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Wet Newspaper: Early Humans

Wet Newspaper - March 2018 - 2


Collecting expensive fish is a status symbol in many Asian cultures. Thus, the business of cosmetic surgery for fish was born.

Economists Ian Fillmore and Jonathan D. Hall extrapolate findings from the introduction of improved racquet technology in professional tennis to the job market at large. Their findings: the introduction of new racquet technology temporarily heled younger players at the expense of older players (in terms of player quality and exit rate). The trends take 2-4 ‘generations’ to reverse.

The complicated world of copyright law, music royalties, broadcasting, record labels, and a 1908 law regulating player piano manufacturers combine for the perfect legal shitstorm that is the run-up to Spotify’s IPO filing. $1.6B is on the line in Wixen v. Spotify, and that’s no small matter considering Spotify is reporting a $1.5B loss last year.

Some struggling restaurants are moving to areas where they have to pay *higher* rent because consumers are less price sensitive in those areas. ie. Moving from Queens to enables a restaurant to charge $1-2 dollars more per dish, enough to shift the economic viability of the business.

Why are theatre tickets so expensive? A break down of the economics.

61% of “entry-level” jobs require 3+ years of experience.


Genetic studies indicate Denisovans, the extinct subspecies of early humans, diverged from homo sapiens 600,000 years ago, diverged from Neanderthals 400,000 years ago, and re-mated with homo sapiens in the subsequent few hundred thousand years. The entire record of Denisovan fossils consists of a pinky, a toe, and two teeth.

When astronaut Scott Kelly returned to Earth after a 340-day voyage aboard the International Space Station (ISS) two years ago, he was 2 inches taller than he’d been when he left. His body mass had decreased, his gut bacteria were completely different, and — according to preliminary findings from NASA researchers — his gene expression changed significantly as well. (Interestingly, Scott Kelly has since shrunk back down to his initial pre-spaceflight height.)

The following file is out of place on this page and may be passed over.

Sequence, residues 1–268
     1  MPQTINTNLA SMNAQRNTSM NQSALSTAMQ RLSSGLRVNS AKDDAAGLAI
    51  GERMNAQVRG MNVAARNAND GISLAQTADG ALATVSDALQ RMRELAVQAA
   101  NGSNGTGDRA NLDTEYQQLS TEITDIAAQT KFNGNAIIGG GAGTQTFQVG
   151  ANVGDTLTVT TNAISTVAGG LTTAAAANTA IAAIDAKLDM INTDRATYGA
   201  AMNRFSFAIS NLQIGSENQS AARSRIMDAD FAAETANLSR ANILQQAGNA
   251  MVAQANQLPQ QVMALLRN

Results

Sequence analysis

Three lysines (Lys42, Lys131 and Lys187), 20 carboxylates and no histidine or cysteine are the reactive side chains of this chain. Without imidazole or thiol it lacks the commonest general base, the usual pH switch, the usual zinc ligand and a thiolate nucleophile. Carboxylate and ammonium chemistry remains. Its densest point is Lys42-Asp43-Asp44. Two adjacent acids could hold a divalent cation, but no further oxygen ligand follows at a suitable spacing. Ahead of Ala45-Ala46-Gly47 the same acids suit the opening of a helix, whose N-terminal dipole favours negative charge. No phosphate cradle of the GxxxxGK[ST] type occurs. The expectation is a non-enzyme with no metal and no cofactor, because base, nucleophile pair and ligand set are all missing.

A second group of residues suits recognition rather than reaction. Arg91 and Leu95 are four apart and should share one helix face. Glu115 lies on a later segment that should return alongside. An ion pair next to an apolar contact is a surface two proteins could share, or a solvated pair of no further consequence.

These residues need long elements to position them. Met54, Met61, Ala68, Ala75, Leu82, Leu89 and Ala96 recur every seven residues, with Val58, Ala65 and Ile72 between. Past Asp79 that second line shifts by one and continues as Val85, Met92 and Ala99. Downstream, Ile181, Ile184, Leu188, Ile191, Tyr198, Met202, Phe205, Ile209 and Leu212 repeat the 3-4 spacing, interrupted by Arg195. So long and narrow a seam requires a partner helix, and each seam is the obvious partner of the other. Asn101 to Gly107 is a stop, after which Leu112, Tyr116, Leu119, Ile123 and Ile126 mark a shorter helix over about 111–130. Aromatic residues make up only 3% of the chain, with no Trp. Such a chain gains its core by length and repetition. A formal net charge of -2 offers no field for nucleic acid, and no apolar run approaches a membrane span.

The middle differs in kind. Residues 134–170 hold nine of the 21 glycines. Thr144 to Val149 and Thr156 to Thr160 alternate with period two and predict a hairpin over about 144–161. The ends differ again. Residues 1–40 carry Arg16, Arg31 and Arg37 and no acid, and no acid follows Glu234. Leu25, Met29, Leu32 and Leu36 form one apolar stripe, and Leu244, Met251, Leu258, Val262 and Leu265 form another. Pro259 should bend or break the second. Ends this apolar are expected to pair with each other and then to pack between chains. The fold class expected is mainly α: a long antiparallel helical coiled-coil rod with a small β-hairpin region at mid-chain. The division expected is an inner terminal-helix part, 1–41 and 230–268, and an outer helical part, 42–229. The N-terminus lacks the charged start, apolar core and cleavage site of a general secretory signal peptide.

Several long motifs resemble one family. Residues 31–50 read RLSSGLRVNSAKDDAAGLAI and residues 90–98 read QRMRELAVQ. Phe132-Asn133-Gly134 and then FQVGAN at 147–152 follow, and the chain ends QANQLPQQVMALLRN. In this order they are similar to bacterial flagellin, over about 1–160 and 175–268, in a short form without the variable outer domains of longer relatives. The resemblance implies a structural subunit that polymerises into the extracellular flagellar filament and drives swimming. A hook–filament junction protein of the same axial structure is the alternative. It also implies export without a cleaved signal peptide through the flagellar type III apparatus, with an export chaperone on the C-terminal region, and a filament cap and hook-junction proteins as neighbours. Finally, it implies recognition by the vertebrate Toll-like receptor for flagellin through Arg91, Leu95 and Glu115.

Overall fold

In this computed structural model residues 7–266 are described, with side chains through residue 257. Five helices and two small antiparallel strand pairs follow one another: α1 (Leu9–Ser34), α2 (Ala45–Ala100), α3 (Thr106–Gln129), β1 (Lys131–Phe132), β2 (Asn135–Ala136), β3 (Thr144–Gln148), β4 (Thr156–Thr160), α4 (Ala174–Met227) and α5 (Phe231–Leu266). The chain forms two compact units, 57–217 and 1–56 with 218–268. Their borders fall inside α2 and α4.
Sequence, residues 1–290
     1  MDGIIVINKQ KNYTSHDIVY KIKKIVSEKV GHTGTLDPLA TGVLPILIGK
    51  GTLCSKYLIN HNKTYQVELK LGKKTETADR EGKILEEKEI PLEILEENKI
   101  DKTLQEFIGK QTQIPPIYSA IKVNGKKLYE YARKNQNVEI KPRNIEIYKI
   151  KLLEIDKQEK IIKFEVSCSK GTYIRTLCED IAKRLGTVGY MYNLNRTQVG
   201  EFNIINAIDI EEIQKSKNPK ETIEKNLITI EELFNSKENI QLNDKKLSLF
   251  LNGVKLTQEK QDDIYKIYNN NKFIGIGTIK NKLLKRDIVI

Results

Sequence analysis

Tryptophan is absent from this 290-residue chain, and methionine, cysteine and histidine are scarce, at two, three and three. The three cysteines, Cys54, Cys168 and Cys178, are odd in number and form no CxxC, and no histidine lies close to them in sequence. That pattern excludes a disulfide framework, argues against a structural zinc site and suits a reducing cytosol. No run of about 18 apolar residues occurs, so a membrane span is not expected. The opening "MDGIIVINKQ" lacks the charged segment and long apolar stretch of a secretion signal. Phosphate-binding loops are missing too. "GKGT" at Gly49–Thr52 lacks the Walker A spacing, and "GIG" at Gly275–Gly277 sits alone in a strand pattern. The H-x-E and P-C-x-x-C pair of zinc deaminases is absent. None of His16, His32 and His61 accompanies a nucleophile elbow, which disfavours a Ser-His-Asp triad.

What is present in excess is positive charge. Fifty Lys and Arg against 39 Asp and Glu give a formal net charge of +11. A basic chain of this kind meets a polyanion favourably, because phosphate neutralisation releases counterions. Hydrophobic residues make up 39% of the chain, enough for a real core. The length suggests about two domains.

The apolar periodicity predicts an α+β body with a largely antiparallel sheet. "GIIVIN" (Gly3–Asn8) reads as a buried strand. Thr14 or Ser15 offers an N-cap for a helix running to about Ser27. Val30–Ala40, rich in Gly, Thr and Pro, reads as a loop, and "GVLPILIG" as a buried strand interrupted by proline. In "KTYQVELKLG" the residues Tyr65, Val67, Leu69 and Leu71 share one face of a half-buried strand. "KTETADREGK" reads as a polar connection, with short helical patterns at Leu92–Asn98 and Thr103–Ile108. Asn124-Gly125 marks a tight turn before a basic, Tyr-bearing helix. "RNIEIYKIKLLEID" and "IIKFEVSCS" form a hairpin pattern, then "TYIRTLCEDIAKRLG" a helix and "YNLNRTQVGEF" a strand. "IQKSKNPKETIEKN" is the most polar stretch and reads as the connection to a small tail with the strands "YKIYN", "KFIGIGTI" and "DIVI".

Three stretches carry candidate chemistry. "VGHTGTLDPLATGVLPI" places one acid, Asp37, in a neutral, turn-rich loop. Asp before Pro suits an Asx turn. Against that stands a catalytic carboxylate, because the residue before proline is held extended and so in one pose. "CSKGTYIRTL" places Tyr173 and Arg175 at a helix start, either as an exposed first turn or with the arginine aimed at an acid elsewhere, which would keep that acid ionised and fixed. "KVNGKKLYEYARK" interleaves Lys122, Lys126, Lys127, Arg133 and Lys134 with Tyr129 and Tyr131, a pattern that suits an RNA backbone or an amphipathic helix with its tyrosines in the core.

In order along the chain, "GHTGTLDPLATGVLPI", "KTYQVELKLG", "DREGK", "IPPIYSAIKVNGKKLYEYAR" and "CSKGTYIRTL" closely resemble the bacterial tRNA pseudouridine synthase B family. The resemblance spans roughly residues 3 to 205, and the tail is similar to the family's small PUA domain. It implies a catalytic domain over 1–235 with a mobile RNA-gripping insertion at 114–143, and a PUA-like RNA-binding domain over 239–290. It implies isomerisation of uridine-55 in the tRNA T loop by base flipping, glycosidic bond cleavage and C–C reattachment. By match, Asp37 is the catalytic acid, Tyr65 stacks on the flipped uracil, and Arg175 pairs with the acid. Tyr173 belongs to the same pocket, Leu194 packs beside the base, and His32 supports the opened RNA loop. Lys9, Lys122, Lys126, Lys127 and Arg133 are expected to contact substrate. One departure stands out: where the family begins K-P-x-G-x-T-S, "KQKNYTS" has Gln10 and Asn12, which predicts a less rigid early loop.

I spent the last six weeks working in Jackson Hole, Wyoming. When I travel, I try to pick up a book set in the area. In anticipation of spending a few weeks in Wyoming, I picked up Rising From the Plains by one of my favorite nonfiction writers, John McPhee. Rising from the Plains not only changed the way I look at the Wyoming landscape, but left with me a certainty that geological awareness is good for you.


Robert Frost’s famous poem, “The Road Less Traveled”, was written as a joke for a friend, and fellow poet, Edward Thomas. Frost read the poem to a group of students in jest. The students took the reading seriously and the poem took on a life from there.

James May’s short-lived BBC series, The Reassembler, makes for great slow TV. My only gripe is that at 30 minutes, and under a dozen episodes, it’s not slow enough.


Also in the world of Slow TV: The Masters has released the full video of every final round broadcast from 1968 to 2017.

Four blind athletes in the 2016 Rio Paralympics ran the 1500m faster than everyone competing in the regular 2016 Rio final.


‘Whistblower’ Christopher Wylie of Cambridge Analytica came forward to discuss his firm’s role in creating “Steve Bannon’s psychological warfare tool”. (In the industry, we call them “advertisements”). Interestingly, Wylie adapted his PhD work originally geared towards fashion trend forecasting to target millions of US Facebook users with political ads. A few of my thoughts after the news broke.


The four Miles brothers of San Francisco were film pioneers. Compare their 12-minute film from the point of view of a moving Market Street cable car, filmed just days before the great 1906 earthquake and fire, to the post-disaster footage.


Elite New York Times food critics in the 1970s criticized Tex-Mex for its ‘lack of authenticity’ and “helped popularize [an] anthropologically dogmatic version of Mexican cuisine.” Eater argues that Tex-Mex is the most important, least understood regional cuisine in America.


In 1910, just 5% of American babies named “Charlie” were girls. Over 100 years later, female Charlies now make up 51% of the share. There is a similar gender-fluidity trend for names like Casey, Blake, Skyler, Spencer and others.

City of Atlanta IT services were held under siege by a cyber attack allegedly perpetrated by The SamSam group. In such, ransomware attacks, hacker groups gain access to a victim’s system and then lock up files with encryption, giving victims a week to pay up before the files are made permanently inaccessible — usually demanding a relatively low sum of around $50,000. The SamSam Group is one of the more successful ransomware rings operating today and is believed to have extorted more than $1 million from some 30 target organizations in 2018 alone.

In New York City, about 4,000 people are arrested each year for the crime of carrying a common folding knife.


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